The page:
By Claudia Rodriguez

My cognizance of death developed through the day of the dead. As a child, I lived in Michoacan, Mexico, where every first and second of November we would dedicate ourselves to honoring the dead. My mother and I would stroll along open-air markets gathering Aztec marigolds, sugar skulls, papel picado (perforated tissue paper), fruit and pan de muerto (sweet bread) for the altars. Candles were an essential part of our trip, necessary for the night as we sat by the tomb of our dead. There was nothing more exciting as a child than the vivid colors and endless possibilities of sugar consumption that day of the dead represented. As nightfall got a bit closer, I would begin packing our decorations, cleaning materials and food for our time at the cemetery. I would leave a couple of candles out for our navigation through the crowded cemetery. When we would arrive, we would begin by clearing out the tomb of debris and clutter that had accumulated over the previous year. We would scrub the tomb clean and wipe it down with cloths. Then, we would begin decorating the tomb with our offerings, reminiscing on the dead and their lifetime. We did this until early dusk, or until the candles ran out (hardly ever the case, though) and then we would head home. Fatigue would usually get to me first, and so I would lie down on the lap of my grandmother and fade off to sleep, enveloped in the words exchanged around me by my family members. I partook in this procession until we left Mexico for the U.S in 1994.

 © Shutterstock/Suriel Ramzal
© Shutterstock/Suriel Ramzal

Dia de los Muertos is without a doubt one of the most recognized festivities of Mexican culture outside of Mexico. The altars, the sugar skulls, the face make-up and the „embrace“ of death have an undeniable appeal to foreigners. Its pre-Hispanic origins alongside its Christian synchronization to All Saints Day make day of the dead an obvious representation of Mexico’s history. Similarly, considering we live in a globalized world, it is not surprising that day of the dead has extended beyond the Mexican South. As much as this holiday is loved and appreciated by those who do not have a direct relation to it, it is nevertheless a misunderstood celebration synonymously linked to Halloween. There are ways to partake in the day of the dead celebration that are not linked to „dressing up“ and result in appropriative, stereotyping or demeaning wear to an important holiday. The perspectives day of dead carries are nevertheless important even to those who did not grow up celebrating it and are ultimately what distinguishes it from Halloween.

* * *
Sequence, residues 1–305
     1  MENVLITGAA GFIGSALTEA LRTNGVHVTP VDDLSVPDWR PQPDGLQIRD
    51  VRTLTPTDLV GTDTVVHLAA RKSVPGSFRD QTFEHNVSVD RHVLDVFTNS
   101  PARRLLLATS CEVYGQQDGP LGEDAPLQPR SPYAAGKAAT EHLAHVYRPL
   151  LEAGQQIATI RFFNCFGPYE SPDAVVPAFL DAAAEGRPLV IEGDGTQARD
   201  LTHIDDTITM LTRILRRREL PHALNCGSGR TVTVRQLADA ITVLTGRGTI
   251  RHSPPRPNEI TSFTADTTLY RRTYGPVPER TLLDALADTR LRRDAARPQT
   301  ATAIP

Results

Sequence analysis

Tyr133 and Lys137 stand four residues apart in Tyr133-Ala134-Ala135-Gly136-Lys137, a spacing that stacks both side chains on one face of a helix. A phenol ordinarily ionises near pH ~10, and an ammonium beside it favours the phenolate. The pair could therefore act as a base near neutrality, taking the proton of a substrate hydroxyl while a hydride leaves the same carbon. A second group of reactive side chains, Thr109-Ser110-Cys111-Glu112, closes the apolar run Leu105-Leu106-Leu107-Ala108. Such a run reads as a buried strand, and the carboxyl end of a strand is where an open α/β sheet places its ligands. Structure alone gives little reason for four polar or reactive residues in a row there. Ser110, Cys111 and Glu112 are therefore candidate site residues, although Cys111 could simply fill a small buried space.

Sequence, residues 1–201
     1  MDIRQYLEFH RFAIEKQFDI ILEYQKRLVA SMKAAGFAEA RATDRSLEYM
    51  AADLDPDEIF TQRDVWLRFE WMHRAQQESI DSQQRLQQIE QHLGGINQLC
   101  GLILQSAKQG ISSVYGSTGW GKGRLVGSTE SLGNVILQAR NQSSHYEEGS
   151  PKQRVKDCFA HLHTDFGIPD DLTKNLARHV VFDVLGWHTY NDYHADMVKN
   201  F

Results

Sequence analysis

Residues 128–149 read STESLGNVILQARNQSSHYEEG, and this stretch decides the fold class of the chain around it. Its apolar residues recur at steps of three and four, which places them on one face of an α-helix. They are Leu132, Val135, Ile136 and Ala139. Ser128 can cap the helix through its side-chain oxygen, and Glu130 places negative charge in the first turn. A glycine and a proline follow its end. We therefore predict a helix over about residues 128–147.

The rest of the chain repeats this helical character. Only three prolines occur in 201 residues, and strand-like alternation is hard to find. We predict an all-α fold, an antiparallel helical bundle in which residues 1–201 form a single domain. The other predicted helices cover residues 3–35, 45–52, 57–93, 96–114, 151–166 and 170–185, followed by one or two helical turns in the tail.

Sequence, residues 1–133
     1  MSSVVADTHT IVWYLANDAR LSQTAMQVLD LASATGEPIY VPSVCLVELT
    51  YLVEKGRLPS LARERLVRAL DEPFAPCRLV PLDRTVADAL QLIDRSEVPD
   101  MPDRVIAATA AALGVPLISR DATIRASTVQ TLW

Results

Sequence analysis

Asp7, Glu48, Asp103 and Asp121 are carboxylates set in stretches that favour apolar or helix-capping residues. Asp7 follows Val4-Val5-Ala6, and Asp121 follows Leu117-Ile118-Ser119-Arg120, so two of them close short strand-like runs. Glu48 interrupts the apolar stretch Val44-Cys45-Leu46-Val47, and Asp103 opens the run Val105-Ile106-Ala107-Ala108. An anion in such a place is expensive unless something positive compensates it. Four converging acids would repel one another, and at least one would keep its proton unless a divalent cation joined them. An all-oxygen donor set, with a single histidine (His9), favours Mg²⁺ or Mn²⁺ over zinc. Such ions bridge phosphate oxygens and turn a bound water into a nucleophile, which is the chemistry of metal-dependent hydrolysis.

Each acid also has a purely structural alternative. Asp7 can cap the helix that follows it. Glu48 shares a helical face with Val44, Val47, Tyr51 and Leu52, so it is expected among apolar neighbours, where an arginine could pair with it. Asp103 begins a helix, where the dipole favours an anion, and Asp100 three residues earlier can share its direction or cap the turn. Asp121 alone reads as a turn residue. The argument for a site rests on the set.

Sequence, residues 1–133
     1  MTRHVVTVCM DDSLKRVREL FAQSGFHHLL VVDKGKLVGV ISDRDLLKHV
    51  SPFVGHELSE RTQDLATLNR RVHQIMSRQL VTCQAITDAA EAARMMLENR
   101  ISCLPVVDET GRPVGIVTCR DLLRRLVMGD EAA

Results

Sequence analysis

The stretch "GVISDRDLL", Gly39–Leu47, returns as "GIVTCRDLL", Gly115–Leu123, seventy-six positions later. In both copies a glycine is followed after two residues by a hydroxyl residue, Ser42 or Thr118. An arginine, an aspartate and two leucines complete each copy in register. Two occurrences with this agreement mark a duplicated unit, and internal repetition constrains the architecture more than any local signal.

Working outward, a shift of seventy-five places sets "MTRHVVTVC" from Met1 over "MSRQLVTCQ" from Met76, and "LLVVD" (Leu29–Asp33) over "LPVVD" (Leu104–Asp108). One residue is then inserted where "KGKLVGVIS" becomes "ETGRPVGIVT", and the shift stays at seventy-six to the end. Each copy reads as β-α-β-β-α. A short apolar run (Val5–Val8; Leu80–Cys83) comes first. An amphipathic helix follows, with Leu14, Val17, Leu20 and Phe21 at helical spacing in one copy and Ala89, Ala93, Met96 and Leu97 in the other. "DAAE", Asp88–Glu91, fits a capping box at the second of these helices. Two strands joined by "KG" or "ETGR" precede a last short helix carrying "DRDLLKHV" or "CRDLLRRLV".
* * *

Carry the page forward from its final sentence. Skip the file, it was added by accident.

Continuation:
Growing up, day of the dead was every child’s dream: sugar, late nights and no school. The lack of comprehension of what death meant and how it affects us had not yet revealed itself to me. As I got older, however, the actual meaning of the holiday set in. This primarily came through my annoyance at the holiday’s mainstream comparison to Halloween. I attributed this to seemingly various correlations: dressing up, candy and the dates they fall on. Unlike Halloween however, where people seek to imitate the immortal, the day of the dead is about acceptance of human mortality, and approaches death through a satirical perspective. This is the biggest misunderstanding I find when it comes to day of the dead celebrations outside of Mexico. Wearing skull make up is not representative of wanting to be death, but acknowledging that ultimately we all carry the potential of death. Similarly, the sugar skulls are a reminder that death is sweet when the time for it has come. Although it may sound like a grim outlook, it is nevertheless a coping mechanism for something we must all face.